I now table the certified copy of the judgment of Mr. Justice Hudson, which will appear in Votes and Proceedings of this date.

I considered carefully and thought it proper to have legal opinion as to the steps which I should take to bring the matter before the house.

Under the Dominion Controverted Elections Act, chapter 50, section 68, the registrar of the Supreme Court of Canada certifies to the Honourable Speaker of the House of Commons the judgment of the decision of the Supreme Court of Canada reversing the decision of the trial judges, and also certifies as to the matters and things as to which the trial judges would have been required to report to the Honourable Speaker had their decision not been appealed to that court.

The judgment of the Supreme Court of Canada was in the following terms:

Under Section 59 (a)

This court was of the opinion that no corrupt or illegal practice had been proved to have been committed by or with the knowledge and consent of the said Robert Greig Davidson, the candidate declared to have been elected at the said election, or by his official agent, Robert Bouchard.

Under section 59 (b)

The following persons have been found by the supreme court of Canada to have been guilty of the corrupt practices set opposite their names, as appears in the reasons for judgment given in support of the decision of the court:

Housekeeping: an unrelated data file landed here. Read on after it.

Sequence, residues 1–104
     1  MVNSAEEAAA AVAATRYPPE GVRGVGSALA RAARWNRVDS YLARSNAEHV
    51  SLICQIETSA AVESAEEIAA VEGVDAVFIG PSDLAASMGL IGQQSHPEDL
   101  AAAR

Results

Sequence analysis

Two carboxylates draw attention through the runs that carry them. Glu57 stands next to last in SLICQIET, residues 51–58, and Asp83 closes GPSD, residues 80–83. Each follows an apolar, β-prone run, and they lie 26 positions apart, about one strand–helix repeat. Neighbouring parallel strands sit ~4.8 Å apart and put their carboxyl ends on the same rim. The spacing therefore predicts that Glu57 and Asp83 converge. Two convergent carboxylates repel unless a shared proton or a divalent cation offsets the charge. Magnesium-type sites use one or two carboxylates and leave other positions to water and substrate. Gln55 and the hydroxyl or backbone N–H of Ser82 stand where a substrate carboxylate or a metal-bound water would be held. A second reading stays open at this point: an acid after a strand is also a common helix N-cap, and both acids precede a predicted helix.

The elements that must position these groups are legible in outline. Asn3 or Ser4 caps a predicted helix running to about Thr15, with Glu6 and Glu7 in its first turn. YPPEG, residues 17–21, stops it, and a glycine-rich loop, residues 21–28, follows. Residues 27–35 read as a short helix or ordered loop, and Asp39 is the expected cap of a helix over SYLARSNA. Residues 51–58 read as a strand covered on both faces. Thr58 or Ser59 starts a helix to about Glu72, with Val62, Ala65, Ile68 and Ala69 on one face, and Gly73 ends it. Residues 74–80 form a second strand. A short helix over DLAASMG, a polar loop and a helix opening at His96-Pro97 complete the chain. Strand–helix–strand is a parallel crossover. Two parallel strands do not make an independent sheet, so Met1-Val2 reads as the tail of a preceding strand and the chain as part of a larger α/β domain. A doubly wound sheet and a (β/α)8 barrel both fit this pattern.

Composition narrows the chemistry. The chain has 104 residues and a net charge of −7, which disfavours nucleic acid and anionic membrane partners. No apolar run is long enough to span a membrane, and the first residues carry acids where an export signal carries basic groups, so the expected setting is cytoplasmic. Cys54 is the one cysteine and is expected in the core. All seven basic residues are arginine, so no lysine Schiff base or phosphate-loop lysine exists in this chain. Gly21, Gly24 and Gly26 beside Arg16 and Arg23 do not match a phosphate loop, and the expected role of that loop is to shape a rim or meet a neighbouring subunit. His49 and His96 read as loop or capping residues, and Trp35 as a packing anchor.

The names and nature of offence appear in Votes and Proceedings of 30th June last, page 442; I need not read them.

Under section 59 (c)

The supreme court of Canada came to the conclusion that corrupt practices,on the part of the agents of the candidate had prevailed at the election to which the petition relates, to an extent sufficient to warrant the annulment of the election.

Under section 59 (d)

The supreme court of Canada did not find that the inquiry into the circumstances of the election had been rendered incomplete by the action of any of the parties to the petition, or that further inquire as to whether corrupt or illegal practices had extensively prevailed was desirable.

I call attention to paragraph (c) of said section 59 which requires the court to report to the Speaker-

. . . whether corrupt or illegal practices have, or whether there is reason to believe that corrupt or illegal practices have extensively prevailed at the election to which the petition relates.

If the court states that such practices have prevailed, then section 71 of the said Dominion Controverted Elections Act provides that no new writ shall issue for a new election in such case except by order of the House of Commons.

Certified copy of the judgment of the supreme court certifies as follows, as I have already read:

Under section 59 (c)

The Supreme Court of Canada came to the conclusion that corrupt practices on the part of agents of the candidate had prevailed at the election to which the petition relates, to an extent to warrant the annulment of the election.

In my opinion, therefore, section 71 of the said act governs the subsequent proceedings. That section is as follows: